If you’re a company who extends trade credit, or is at least considering doing so, you know it’s no simple business operation. You are essentially allowing your business to act as a bank. Surprisingly, the facts show that this doesn’t make small businesses shy away from it. Choosing to extend credit is a big decision, however, a smart one. Here’s everything you need to know about trade credit, and why you should be extending it if you aren’t!
Trade Credit: Everything You Need to Know
60% of companies who use credit, use trade credit.
“Small businesses using trade credit are larger, more liquid, of worse credit quality, and are less likely to be in the services industry”.
The Top 4 Reasons to Be Extending Trade Credit
- Sales – Trade credit is a powerful sales tool. If a customer has more time to pay, they are naturally able to purchase MORE from you. Trade credit enables your customers to have a bigger buying bower, allowing you to make larger sales.
- Customers – If customers know you trust them to pay, it will automatically make them more loyal. Giving someone the opportunity to be more flexible with their cash flow is immeasurable, not to mention a great way to say thanks to customers for their business.
- Brand – If your company extends credit, it says two thing: “I am financially stable and I believe in my product.” If you are willing to sell someone something and then wait on the cash, it shows that you run a financially fit business and that you know your customers will love your products. It’s a great way to gain trust and build your business’ reputation.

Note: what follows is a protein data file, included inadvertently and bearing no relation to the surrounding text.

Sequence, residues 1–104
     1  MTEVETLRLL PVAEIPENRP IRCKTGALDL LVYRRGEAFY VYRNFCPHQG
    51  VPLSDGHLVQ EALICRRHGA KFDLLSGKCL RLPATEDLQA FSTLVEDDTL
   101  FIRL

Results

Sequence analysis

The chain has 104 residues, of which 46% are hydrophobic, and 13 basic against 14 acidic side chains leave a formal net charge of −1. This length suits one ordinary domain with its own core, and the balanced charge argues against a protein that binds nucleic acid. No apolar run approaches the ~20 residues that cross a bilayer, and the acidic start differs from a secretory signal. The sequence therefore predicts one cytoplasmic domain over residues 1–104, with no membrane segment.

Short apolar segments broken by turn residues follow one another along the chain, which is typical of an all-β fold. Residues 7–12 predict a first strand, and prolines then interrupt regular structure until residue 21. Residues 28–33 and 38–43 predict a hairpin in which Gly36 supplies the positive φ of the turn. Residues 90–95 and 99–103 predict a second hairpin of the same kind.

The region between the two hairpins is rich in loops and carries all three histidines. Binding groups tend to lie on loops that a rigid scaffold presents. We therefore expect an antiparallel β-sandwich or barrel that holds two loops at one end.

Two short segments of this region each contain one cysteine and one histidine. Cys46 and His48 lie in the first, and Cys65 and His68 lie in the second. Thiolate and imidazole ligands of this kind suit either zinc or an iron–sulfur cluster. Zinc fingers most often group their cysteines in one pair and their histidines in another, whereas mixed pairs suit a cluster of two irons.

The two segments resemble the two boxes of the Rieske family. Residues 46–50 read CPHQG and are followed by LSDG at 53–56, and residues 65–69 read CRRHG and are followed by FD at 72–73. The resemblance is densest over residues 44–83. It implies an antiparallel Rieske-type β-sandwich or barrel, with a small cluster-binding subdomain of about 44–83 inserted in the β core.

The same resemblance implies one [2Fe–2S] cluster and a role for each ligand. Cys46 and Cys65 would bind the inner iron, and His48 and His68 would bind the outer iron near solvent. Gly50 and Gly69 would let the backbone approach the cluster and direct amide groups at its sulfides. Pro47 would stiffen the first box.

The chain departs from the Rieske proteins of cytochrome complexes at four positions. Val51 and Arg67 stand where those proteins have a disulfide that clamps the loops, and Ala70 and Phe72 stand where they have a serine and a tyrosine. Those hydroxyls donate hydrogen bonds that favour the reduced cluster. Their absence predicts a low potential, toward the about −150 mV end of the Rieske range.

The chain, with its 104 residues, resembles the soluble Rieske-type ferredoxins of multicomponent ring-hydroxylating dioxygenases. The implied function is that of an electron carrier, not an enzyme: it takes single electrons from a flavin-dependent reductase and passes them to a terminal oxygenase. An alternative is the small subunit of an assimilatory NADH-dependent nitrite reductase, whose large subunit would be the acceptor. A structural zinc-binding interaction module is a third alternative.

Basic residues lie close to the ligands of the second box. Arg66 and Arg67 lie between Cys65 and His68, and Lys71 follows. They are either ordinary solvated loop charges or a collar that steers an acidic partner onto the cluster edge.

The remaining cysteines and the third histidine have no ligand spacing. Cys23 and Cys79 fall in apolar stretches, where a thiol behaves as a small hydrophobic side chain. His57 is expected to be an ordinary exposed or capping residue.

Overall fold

- Competition – Not all businesses are extending credit. Therefore, those that are gain an immediate advantage. If a customer has the option of doing business with someone who extends payment terms vs. those who request payment upfront, they will always choose the option of flexibility (given the products and services are comparable).
Knowing if Trade Credit is Right For You
Trade credit isn’t right for everyone. Your business has to be in a healthy financial position to consider it (unless it’s industry standard). Ask yourself the following questions:
- What is the credit exposure my business can afford?
- What is the infrastructure of my company like? Do I have the administrative abilities to support trade credit efforts? (It is something you can handle yourself if you’re a one man show, but it’s all relative to the amount of business you’re conducting.)
- On average, how many transactions do I have and what is their value? (If your company is dependent on many small transactions, extending credit might be more challenging from an administrative point of view. However, it is less risky because your risk is more diversified over a larger customer base.)
If your business can afford a certain amount of credit exposure and you have the infrastructure in place to effectively extend trade credit, then you certainly should be doing so. If you can’t afford much exposure or you just don’t have the resources to manage the process, then you should consider other options, such as cash up-front for everyone or only extending credit to the most trustworthy customers.